1878.. If they wrought miracles, then it was God himself who presided over their enterpr
1879. they succeeded in convincing the whole world without miracles, the proof of their di
1880. opposed thereto. The conversion of the world, if operated without miracles, would be
1881.been as a father to St Ambrose, had the same affection for Victorinus of whom we are
1882.elebrated orator, had been professor of Rhetoric at Rome ; he had passed his life in the
1883.of Rhetoric at Rome ; he had passed his life in the study of the — iV- . >:< V •
1884.< V • •... .' 100 liberal sciences, DUTY OP THE CHRISTIAN and had attained a gre
1885. distinguished of the Roof them. He had man J senators. He had, in fine, followed h
1886.nction then considered the highest that man could attain. Yet he was still a pagan,
1887.ert such a heart Behold the means which God employed in doing so. Victorinus began
1888.e Holy Scriptures, ajid having for some time applied himself to that study, together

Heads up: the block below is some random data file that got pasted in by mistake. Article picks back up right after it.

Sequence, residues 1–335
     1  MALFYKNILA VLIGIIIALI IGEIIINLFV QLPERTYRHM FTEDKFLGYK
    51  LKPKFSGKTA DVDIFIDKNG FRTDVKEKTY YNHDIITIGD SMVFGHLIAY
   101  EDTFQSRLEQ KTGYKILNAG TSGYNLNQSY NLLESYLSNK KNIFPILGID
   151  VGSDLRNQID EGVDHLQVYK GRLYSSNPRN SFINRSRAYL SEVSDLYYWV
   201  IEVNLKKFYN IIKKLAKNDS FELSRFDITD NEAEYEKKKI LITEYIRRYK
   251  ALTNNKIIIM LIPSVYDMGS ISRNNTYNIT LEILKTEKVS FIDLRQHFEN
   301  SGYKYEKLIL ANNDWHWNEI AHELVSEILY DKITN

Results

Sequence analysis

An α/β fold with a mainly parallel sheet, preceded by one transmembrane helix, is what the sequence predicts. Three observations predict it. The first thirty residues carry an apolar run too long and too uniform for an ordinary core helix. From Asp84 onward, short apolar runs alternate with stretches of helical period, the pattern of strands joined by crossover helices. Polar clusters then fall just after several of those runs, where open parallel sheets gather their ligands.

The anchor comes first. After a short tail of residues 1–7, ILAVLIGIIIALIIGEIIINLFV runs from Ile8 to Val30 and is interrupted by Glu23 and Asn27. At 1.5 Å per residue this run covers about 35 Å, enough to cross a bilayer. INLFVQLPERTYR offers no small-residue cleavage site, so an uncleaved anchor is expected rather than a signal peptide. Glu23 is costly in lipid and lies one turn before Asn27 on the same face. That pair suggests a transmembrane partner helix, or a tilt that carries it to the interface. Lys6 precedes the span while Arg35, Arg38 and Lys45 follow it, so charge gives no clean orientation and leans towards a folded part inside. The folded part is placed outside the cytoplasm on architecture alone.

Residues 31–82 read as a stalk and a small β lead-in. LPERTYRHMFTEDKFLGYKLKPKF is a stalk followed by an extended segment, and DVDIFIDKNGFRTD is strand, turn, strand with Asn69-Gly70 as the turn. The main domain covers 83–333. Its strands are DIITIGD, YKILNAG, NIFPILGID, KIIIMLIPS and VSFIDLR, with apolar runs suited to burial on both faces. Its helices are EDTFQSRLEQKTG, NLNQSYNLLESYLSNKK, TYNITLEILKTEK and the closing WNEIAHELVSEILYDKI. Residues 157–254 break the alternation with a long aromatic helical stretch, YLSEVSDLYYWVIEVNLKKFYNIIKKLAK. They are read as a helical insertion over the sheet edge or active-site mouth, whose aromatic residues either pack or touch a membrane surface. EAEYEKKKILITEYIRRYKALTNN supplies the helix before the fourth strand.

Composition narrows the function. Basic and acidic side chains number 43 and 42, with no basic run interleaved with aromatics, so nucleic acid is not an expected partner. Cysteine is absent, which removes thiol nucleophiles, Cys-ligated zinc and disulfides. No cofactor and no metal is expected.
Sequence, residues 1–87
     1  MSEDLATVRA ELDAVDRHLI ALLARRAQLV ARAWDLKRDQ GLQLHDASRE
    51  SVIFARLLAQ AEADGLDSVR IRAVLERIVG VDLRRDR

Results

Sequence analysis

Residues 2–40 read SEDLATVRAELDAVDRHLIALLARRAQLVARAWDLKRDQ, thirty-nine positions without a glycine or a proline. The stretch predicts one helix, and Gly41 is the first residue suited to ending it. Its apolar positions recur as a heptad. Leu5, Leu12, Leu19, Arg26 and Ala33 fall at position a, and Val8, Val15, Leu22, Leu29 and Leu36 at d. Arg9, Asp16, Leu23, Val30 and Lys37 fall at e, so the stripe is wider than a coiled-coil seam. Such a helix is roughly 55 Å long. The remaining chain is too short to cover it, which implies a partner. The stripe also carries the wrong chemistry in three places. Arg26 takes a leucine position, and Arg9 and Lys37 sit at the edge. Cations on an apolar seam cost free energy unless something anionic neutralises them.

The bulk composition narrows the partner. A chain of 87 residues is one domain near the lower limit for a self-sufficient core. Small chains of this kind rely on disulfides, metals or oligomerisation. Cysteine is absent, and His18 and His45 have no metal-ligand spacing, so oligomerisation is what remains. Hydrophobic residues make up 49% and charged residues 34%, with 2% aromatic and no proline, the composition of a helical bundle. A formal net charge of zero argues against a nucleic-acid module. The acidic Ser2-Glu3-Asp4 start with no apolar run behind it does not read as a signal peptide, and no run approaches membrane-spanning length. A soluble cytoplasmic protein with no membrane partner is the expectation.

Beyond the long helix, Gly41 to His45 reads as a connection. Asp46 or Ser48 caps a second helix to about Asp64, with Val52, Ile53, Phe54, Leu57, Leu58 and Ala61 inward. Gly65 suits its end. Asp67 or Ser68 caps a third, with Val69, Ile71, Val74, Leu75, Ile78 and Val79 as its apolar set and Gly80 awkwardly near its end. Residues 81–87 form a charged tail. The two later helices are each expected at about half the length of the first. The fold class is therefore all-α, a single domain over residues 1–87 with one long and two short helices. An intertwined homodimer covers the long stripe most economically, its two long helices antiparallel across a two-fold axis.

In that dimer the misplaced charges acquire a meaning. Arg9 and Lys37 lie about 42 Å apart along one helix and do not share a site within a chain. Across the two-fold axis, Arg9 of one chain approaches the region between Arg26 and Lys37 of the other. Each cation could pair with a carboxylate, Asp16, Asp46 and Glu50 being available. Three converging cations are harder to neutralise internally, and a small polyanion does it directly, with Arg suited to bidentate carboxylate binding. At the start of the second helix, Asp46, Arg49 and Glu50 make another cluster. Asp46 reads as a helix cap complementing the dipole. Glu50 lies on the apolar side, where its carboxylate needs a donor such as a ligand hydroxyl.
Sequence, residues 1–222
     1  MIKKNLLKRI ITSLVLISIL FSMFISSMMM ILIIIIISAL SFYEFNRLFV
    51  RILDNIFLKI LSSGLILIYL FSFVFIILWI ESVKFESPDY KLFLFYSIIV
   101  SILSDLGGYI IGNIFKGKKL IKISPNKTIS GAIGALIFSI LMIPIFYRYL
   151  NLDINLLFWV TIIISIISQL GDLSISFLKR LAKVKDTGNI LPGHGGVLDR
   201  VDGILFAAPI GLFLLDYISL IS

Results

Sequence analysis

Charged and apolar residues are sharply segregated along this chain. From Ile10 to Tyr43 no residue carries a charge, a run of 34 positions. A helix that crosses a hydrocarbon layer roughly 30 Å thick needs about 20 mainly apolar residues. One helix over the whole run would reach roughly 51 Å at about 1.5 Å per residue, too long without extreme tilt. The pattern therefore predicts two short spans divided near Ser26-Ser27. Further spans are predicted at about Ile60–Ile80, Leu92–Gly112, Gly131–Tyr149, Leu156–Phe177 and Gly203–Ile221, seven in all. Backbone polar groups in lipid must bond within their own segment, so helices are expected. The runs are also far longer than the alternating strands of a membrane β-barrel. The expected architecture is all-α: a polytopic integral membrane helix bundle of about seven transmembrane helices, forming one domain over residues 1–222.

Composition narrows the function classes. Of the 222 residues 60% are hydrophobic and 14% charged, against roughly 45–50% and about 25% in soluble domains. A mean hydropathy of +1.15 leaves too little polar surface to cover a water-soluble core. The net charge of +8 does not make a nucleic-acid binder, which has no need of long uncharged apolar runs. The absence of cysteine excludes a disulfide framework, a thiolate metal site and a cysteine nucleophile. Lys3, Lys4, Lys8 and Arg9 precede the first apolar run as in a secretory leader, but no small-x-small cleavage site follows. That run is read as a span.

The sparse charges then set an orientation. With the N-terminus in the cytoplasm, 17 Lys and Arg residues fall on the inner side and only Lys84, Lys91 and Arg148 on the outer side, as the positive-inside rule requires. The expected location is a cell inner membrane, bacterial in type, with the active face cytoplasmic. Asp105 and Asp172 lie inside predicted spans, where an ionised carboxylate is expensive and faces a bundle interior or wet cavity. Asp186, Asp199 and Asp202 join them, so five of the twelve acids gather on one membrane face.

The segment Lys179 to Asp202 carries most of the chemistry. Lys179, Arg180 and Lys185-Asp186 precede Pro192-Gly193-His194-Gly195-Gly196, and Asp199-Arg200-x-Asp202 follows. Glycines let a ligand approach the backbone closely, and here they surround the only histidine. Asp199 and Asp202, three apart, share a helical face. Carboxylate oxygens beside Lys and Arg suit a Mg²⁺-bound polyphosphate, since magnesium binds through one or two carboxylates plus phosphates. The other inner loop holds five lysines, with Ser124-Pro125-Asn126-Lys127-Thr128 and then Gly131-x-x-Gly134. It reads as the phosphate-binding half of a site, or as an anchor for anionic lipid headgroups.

1889.ed himself to that study, together with other books explanatory of the Christian " I
1890.hristian " I have someReligion, he said one day to St. Simplician thing to tell you
1891. St. Simplician thing to tell you which will interest you very much I am a Christian
1892.within the inclosurc of four walls that one is a Christian ?" so it went on for som
1893.s a Christian ?" so it went on for some time, as often as Victorinus protested that
1894. — Christian, Simplician made him the same and a reply, and the other tlways put i
1895. made him the same and a reply, and the other tlways put i\\ '.•» 1.,;. it off wit